a. If you say to me, “We trust in the LORD our God”: Rabshakeh anticipated the response of the leaders of Judah. “Rabshakeh, you say that we can’t trust in Egypt. All right, we won’t. But we can trust in the LORD our God.”
b. Is it not He whose high places and whose altars Hezekiah has taken away? Rabshakeh knew that King Hezekiah had implemented broad reforms in Judah, including the removal of the high places (2 Kings 18:3-4).
i. The high places were spots of “individual worship” which were prohibited by God’s law (Leviticus 17:1-4). Israel was commanded to bring their sacrifices to the official center for sacrifice (the tabernacle or later, the temple). In the pagan world at that time, it was customary to offer sacrifice wherever one pleased – altars would customarily be built on high hills, in forested areas, or at other special places.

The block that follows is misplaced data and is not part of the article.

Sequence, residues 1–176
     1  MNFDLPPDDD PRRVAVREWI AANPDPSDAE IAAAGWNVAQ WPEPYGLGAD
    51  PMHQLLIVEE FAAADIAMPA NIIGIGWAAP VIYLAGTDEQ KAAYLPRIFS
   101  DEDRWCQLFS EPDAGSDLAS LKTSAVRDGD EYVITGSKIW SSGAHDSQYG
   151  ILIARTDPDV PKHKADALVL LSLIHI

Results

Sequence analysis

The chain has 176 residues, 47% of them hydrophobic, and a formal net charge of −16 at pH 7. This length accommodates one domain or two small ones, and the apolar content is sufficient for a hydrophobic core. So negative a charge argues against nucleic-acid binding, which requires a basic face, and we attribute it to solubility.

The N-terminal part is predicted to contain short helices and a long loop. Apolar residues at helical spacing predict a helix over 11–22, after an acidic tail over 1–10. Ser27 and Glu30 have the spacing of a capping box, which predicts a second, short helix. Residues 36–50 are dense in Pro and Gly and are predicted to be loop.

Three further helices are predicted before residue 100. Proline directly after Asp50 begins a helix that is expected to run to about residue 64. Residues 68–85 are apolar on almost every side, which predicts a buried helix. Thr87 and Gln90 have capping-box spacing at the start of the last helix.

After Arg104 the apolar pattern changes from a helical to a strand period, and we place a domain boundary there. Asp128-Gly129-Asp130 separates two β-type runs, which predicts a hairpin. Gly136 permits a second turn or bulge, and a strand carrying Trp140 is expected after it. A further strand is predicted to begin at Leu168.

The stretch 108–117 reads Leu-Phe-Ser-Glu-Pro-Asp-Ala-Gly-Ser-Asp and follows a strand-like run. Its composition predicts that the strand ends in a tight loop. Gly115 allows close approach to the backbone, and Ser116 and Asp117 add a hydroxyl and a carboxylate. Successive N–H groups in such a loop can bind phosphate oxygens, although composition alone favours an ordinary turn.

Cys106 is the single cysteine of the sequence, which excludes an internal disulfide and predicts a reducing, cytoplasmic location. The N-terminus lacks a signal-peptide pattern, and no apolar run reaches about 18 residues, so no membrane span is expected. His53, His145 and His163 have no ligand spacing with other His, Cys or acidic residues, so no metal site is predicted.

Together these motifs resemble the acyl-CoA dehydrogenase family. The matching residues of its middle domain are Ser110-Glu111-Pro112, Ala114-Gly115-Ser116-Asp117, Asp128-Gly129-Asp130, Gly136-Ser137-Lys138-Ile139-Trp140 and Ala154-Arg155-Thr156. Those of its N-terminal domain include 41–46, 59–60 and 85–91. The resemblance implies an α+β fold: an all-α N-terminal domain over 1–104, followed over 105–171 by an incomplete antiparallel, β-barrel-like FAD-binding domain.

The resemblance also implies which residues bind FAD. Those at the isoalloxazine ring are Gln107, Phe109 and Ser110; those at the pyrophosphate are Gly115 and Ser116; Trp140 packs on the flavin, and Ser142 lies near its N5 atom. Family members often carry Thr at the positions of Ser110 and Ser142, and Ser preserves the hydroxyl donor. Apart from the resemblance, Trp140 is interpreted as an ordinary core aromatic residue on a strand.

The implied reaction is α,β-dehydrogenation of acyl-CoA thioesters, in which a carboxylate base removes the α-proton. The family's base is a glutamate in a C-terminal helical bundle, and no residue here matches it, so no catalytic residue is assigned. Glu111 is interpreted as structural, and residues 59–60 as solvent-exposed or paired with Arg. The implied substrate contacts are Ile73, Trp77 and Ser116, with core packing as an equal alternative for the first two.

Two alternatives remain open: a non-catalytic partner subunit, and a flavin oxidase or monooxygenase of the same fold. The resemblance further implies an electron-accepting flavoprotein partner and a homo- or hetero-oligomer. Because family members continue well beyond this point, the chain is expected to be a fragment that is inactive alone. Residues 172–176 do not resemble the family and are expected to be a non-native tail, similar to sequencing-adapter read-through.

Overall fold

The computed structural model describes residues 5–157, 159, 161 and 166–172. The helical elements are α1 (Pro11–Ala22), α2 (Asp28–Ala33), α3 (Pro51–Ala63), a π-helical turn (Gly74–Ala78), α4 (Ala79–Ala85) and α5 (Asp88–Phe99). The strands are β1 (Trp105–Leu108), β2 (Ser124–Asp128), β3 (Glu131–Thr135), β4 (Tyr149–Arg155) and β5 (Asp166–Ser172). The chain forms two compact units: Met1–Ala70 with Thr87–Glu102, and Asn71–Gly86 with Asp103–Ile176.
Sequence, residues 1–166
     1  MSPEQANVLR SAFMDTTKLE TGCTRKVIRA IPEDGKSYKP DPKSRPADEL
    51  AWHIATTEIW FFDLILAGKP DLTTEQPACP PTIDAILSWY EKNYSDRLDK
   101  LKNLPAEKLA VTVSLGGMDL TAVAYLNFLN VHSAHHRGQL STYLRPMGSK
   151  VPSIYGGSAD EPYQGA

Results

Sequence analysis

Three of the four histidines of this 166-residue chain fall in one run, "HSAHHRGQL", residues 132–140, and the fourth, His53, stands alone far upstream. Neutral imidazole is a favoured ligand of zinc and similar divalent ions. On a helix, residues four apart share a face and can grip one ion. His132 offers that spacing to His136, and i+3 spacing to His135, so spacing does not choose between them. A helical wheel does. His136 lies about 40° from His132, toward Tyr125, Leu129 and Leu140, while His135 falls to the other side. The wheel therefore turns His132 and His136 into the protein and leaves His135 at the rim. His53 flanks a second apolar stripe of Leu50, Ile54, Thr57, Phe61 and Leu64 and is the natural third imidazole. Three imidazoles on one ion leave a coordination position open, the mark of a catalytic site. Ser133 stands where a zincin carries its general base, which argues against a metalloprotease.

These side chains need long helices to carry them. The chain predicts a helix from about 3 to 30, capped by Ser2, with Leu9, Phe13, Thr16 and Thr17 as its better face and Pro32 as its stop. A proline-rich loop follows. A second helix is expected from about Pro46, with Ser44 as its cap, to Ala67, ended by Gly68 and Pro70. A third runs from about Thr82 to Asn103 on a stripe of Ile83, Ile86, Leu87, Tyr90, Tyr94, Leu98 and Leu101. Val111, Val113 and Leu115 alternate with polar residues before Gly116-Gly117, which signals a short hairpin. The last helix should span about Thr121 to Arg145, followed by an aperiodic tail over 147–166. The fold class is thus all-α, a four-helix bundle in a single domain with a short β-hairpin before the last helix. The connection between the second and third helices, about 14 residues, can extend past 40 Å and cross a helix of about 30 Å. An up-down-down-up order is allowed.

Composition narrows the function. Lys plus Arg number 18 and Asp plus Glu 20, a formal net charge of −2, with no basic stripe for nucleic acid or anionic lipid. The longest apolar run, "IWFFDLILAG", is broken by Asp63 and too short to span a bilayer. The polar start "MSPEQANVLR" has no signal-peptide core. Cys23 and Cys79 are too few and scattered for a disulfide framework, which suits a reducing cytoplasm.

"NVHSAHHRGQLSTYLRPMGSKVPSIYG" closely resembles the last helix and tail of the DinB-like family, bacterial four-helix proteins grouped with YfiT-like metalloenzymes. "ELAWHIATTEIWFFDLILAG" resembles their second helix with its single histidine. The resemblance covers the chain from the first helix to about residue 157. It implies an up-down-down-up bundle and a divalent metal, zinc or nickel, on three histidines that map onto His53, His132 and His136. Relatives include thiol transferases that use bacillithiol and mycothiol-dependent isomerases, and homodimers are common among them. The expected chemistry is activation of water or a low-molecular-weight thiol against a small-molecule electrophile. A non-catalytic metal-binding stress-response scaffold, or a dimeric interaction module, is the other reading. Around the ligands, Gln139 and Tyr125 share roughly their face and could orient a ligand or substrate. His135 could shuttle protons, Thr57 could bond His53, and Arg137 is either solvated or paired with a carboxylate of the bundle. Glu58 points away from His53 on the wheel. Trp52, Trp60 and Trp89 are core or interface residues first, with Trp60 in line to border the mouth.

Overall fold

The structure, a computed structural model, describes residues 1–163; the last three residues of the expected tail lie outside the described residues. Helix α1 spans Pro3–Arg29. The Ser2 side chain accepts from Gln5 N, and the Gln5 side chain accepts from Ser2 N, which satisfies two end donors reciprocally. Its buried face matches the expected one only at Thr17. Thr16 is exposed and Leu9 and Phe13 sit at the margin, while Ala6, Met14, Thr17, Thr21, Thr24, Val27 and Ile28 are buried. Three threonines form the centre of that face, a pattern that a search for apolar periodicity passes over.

ii. That practice may have been fine for the time of the patriarchs. But now, God regarded sacrifice at high places as an offense. Hezekiah did right when he took away the high places and the altars, demanding that people come to the temple in Jerusalem to offer sacrifice.
iii. This command runs completely contrary to the way most people come to God in our culture. For the most part, Americans have an entirely individualistic way of coming to God, where each person makes up their own rules about dealing with God as they see Him. In the book Habits of the Heart, Robert Bellah and his colleagues interview a young nurse named Sheila Larson, whom they describe as representing many Americans’ experience and views on religion. Speaking about her own faith and how it operates in her life, she says: “I believe in God. I’m not a religious fanatic. I can’t remember the last time I went to church. My faith has carried me a long way. It is ‘Sheilaism.’ Just my own little voice.” This “pick-and-choose-as-I-go-along-according-to-my-inner-voice” approach is just like picking your own high place and altar to sacrifice to God the way you want to instead of the way God wants you to.